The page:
Mizzou Animal Cancer Care is a new radiation oncology facility in Wentzville, Mo., The University of Missouri College of Veterinary Medicine is establishing the facility in order to bring its educational, research and outreach services directly to the most urbanized region of Missouri. Dr. George Buckaloo, a longtime Independence, Mo., veterinarian and CVM alumnus will operate the referral cancer treatment facility.
The CVM is the only college of veterinary medicine in Missouri and one of 28 veterinary colleges in the United States. Mizzou Animal Cancer Care will provide a next logical step in the development of a nationally and internationally recognized program in radiation oncology that has been emerging at the college during the last 14 years.
A physical presence of the college in Wentzville offers several advantages:
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Mizzou Animal Cancer Care is located at 1092 Wentzville Parkway. The facility is well-suited for the proposed function based on its size, layout, zoning, location and accessibility. Mizzou Animal Cancer Care and its board-certified oncologists and radiologists are prepared to offer cutting-edge treatment options for animal cancer patients that will benefit from radiation therapy and potentially new anticancer therapies from the college’s participation in clinical trials. The ability to offer clinical trials at the Wentzville location will elevate the CVM’s status as an important contributor to national cancer research efforts and will provide animal cancer patients access to cutting-edge therapies at a reasonable price.
The physical presence of the CVM in Wentzville will allow the college to provide continuing education and outreach on the benefits and limitations of radiation and other cancer therapy in veterinary patients in the St. Louis region. Increased visibility and integration of the CVM’s programming into the veterinary community of the St. Louis region should increase referrals and help attract financial support for the programming of the college. This physical presence of the CVM in the St. Louis region should result in local practitioners being more likely to refer to the CVM and avail themselves of the CVM’s services.
Mizzou Animal Cancer Care will also serve as a focal point for faculty to present continuing education to practitioners. The facility is expected to be operational in the summer of 2011 and the college should be able to start hosting continuing educational presentations soon after.
The CVM is proposing to provide diagnostic services, radiation therapy and clinical trials that are not currently available in the St. Louis area. The distance from St. Louis to Columbia is a deterrent for some potential clients because they do not want to be separated from their animals for a month or cannot make the drive for recommended therapy several times per week, or, as is needed in some cases, daily. In the current difficult economic climate, companion animal owners are less able to take time off from work to commute for radiation therapy in Columbia, and the cost of transportation is a further deterrent. At Mizzou Animal Cancer Care, radiation therapy is just a short drive from home for animals and their owners.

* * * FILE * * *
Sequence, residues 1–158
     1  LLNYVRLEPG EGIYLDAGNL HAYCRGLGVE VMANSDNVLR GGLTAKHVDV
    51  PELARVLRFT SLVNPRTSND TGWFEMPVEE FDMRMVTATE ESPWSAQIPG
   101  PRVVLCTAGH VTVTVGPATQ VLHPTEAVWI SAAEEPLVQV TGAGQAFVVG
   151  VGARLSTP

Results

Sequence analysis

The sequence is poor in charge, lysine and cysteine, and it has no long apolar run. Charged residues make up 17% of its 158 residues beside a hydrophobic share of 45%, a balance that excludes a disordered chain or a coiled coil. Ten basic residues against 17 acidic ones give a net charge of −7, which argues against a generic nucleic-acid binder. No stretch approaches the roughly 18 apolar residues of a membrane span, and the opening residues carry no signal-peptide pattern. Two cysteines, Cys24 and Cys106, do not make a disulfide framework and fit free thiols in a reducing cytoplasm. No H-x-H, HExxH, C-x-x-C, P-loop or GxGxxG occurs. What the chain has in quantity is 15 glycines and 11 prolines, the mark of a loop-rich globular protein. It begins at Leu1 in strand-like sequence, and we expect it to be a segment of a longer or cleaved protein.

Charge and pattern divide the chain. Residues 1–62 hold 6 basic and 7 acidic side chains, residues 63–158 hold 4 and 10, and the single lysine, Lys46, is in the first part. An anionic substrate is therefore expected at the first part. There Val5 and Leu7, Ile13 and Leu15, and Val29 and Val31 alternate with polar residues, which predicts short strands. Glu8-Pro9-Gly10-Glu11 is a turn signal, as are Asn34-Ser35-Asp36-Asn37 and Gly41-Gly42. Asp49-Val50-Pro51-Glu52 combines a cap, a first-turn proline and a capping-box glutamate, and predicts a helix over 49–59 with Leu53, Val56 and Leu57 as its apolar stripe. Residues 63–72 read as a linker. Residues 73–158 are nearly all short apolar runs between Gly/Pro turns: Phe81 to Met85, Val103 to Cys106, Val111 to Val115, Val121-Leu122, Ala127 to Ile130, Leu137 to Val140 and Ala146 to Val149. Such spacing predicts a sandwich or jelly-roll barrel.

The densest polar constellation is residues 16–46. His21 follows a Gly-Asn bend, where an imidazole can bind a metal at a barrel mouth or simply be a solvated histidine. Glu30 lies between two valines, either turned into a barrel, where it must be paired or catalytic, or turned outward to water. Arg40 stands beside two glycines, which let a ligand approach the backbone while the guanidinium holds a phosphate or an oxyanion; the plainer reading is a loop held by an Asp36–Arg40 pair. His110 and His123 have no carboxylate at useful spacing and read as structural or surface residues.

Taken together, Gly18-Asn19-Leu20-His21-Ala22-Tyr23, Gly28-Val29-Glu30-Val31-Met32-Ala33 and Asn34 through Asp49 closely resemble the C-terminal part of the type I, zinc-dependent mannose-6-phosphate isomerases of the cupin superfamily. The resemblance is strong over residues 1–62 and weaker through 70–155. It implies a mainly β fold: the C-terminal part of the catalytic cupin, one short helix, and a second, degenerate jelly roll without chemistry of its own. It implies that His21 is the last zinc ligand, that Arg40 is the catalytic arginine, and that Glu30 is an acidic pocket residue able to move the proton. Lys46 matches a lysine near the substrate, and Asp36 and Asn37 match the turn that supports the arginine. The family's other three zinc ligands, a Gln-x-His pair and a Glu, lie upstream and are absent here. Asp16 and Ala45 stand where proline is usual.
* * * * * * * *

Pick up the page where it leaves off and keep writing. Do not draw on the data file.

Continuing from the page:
This new radiation therapy referral service makes the resources of a major research university a convenient option for the St. Louis-area veterinarians to offer when their clients look to them for guidance at this critical time in their pets’ lives.
The facility will also provide an additional teaching laboratory for students. This site will be able to support the educational component of the curriculum directly, and to some extent increase the number of cases in which individual students can be directly involved. The Wentzville location will also augment the clinical residency programs in radiation oncology, medical oncology and radiology.
Dr. George Buckaloo, “Renny” to his family and friends, is a 1972 graduate of the University of Missouri College of Veterinary Medicine. After earning his Doctor of Veterinary Medicine, he began his career at the Care Animal Hospital in Arlington Heights, Ill. In 1976, he returned to Missouri and become first a partner and then the owner of the Crysler Animal Hospital in Independence.
He has been a member of the American Veterinary Medical Association since 1972 and a member of the Missouri Veterinary Medical Association since 1976. He has served on the board of directors for the Missouri Veterinary Medical Foundation since 1988. From 2001 to 2008, he was also on the board of directors for Professional Veterinary Products, a public animal health products distributor owned by 2,100 DVM shareholders. He was elected to represent shareholders in Missouri, Arkansas, Louisiana, Mississippi and Alabama. He served as the chairman of the audit committee from 2004 to 2006, board secretary in 2006, board vice-chairman in 2007 and board chairman in 2008.
He is also active in his community having been on the board of directors for a sheltered workshop for disabled adults since 1999 and volunteering at the Independence Animal Shelter.